Why Hong Kong people join public rallies: they are afraid for their future
Marking the opening of “Prosecution Week” last month, Secretary for Justice Teresa Cheng Yeuk-wah said that a “recent rise in cases involving violence in public processions and the like, some of which turned into riots” demonstrated a need to better educate the Hong Kong public about the city’s criminal laws, though she did not specify which incidents she had in mind.
To some extent, I agree that a rise in violence highlights a need for education – not just because people should learn about the consequences of breaking the law, but because they need to know where to draw the line.
When you breach a rule, especially the almighty law, consequence always follows. This is common sense and everybody knows it. However, our officials are missing the reason behind all the unrest.
To be more precise, people need a route to peaceful expression. The only reason the people come out of their comfort zones to join rallies is that they fear that there won’t be a future for the future generations. They are afraid that the city will be a totally different place to live in for the next generation.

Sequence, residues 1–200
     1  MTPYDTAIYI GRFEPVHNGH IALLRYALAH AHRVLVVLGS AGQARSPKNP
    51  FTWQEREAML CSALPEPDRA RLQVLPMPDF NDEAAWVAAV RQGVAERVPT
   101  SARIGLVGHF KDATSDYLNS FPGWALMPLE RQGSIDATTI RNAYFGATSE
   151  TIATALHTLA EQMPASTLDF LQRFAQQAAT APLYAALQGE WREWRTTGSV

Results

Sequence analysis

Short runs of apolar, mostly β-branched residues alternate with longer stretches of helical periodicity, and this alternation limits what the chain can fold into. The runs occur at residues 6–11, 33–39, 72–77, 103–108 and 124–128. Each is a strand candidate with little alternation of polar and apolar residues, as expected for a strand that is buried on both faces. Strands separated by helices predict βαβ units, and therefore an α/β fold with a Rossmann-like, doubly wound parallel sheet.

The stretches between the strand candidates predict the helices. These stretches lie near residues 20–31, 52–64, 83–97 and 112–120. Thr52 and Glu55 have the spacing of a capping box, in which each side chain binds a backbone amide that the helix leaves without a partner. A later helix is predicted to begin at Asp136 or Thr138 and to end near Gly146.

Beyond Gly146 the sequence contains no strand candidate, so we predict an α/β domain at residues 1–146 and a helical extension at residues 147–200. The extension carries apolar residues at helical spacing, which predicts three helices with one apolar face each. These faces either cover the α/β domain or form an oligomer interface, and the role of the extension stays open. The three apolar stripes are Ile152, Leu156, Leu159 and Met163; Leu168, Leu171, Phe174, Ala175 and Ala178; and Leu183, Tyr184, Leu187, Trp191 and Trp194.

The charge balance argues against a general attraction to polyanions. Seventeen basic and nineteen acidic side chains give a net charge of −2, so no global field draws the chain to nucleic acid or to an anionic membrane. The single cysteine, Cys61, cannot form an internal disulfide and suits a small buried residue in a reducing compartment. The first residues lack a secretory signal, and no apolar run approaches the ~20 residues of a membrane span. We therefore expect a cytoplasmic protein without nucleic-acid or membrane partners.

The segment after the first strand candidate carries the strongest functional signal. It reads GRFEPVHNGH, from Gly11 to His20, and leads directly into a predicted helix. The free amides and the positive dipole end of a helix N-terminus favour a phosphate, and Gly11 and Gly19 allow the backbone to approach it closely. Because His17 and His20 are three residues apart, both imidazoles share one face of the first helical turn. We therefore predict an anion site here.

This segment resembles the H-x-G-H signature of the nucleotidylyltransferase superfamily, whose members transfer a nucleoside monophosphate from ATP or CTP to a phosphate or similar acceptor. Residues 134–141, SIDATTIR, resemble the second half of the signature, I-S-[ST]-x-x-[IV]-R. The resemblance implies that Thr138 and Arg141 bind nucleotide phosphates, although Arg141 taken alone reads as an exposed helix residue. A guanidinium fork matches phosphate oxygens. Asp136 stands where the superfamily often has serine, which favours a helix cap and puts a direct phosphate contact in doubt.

This isn’t something that can be dealt with purely by education. Without understanding from those sitting in high office, this problem isn’t going to go away.
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No matter whether a public procession is peaceful or not, officials tend to have the same reaction – they strongly condemn those who encouraged massive rallies. It’s not like people support these protests for no reason at all.
If Hong Kong government officials aren’t aware of people’s fears and do not put any effort into trying to understand the reason behind people’s actions, there will never be space for negotiation and it would be much harder to put an end to social disorder.
Cassandra Chan, Lam Tin